In The Great Gatsby, Fitzgerald repeatedly criticizes the American society, during a period where all Americans believed that material wealth would derive happiness and fame. Fitzgerald is showing that in the Jazz Age, people in America were delusional and had meaningless existences. These criticisms and objections of this notion are expressed through the portrayal of several unique characters.
These pivotal characters are Midwesterners who have sprawled East in pursuit of this notion of deriving fame, success, respect, and happiness from material wealth. All these characters are, in one way or another, attempting to achieve a state of happiness in their lives. The main characters are divided into two groups: the rich upper class and the poorer lower class.
Tom and Daisy Buchanan together are representative of the rich upper-class. They seem to have derived happiness from the American Dream; however, though their lives are full of material possessions, they are bored with their bare existence.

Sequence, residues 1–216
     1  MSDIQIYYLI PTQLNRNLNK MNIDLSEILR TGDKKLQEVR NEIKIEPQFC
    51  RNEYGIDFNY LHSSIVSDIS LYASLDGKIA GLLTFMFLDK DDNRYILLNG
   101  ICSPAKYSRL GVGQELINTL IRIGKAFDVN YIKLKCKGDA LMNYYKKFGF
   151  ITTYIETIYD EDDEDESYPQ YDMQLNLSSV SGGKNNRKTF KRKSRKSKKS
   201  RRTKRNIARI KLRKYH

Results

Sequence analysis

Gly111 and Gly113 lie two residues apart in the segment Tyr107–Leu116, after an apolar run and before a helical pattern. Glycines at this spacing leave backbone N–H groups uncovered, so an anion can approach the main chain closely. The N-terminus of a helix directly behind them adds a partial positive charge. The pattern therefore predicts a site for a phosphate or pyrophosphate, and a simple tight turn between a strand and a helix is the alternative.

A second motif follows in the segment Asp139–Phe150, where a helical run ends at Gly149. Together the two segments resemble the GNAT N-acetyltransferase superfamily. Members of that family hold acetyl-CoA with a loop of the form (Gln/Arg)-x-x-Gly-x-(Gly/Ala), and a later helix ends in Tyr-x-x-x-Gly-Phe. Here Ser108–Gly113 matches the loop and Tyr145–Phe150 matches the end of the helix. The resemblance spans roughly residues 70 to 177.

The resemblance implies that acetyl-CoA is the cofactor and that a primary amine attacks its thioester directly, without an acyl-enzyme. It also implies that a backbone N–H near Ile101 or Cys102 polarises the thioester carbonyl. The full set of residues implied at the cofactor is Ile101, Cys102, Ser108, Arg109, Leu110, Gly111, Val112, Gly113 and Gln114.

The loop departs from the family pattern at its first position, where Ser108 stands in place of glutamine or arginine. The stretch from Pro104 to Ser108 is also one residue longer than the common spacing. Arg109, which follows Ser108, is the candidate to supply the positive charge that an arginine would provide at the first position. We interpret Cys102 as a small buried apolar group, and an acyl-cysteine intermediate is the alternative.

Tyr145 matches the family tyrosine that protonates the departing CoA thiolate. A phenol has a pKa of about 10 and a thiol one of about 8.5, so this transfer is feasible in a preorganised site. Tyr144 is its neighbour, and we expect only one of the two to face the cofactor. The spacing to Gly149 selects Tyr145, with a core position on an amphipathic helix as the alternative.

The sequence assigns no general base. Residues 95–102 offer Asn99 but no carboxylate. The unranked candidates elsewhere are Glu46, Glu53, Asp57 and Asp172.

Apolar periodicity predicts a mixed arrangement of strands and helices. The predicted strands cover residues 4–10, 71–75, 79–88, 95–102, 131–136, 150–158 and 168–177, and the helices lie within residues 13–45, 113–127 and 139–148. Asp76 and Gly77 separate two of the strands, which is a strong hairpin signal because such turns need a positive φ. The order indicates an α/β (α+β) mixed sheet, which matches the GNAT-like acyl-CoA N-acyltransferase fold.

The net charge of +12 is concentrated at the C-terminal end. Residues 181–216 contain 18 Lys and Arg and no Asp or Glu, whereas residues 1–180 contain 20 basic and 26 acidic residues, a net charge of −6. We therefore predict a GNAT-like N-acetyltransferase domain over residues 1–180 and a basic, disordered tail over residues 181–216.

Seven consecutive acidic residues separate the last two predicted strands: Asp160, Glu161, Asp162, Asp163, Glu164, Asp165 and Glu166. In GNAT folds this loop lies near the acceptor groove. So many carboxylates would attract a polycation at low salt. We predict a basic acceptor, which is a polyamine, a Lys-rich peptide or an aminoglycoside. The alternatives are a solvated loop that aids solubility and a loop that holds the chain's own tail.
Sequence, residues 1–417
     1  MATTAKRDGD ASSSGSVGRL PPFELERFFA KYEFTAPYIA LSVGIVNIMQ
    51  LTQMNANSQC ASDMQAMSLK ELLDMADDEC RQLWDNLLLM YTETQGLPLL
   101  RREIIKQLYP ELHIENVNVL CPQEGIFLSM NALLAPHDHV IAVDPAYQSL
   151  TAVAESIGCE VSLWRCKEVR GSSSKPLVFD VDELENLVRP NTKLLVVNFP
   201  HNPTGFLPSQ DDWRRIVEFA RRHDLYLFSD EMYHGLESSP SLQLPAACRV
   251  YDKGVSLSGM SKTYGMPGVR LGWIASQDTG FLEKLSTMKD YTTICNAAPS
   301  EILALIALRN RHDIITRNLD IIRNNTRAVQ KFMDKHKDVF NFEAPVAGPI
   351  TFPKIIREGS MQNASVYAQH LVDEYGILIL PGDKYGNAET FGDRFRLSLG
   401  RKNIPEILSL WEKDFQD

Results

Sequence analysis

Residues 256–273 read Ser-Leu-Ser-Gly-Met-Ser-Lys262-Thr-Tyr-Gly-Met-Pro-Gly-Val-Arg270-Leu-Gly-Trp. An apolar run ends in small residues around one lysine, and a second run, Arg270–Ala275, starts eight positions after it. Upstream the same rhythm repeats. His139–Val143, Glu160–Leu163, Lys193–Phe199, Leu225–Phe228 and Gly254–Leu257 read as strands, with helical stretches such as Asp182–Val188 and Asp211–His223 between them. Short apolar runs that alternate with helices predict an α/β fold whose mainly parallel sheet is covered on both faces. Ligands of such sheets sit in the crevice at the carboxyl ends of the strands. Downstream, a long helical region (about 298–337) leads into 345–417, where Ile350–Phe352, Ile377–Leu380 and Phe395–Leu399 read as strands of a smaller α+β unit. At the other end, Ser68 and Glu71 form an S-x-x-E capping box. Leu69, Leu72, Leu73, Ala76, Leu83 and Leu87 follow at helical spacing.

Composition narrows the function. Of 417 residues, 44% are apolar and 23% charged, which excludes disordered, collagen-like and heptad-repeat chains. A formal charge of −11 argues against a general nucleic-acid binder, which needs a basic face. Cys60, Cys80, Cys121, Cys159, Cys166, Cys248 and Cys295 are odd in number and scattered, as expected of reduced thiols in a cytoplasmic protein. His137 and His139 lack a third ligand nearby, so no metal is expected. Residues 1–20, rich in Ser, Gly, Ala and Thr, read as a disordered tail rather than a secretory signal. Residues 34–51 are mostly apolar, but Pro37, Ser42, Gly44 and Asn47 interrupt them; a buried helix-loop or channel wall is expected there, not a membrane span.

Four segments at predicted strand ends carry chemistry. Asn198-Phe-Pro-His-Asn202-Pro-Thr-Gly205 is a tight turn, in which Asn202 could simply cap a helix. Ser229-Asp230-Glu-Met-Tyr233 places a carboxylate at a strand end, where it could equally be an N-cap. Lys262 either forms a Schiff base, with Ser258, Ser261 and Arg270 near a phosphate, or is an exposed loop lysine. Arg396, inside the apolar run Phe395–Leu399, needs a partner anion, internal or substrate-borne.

They acquired their wealth from 'old money', and their lives have had little purpose or meaning. Fitzgerald ironically reinforces this notion by placing these wealthy characters in "eggs" which are symbolic of growth and a new life. However, in reality there are no realistic possibilities for them. They "drifted here and there unrestfully wherever people played polo and were rich together", suggests that life holds no possibilities once achieving the material dream. In an attempt to negate this sense of boredom, Tom has an affair with Myrtle Wilson to seek personal fulfillment and as a diversion from this loss of identity.
This is directly a key comment which the composer is trying to convey. Willy and Gatsby are the accurate portrayals as victims of the American Dream. They both reveal the notion that humans are attracted to this idea of material wealth as...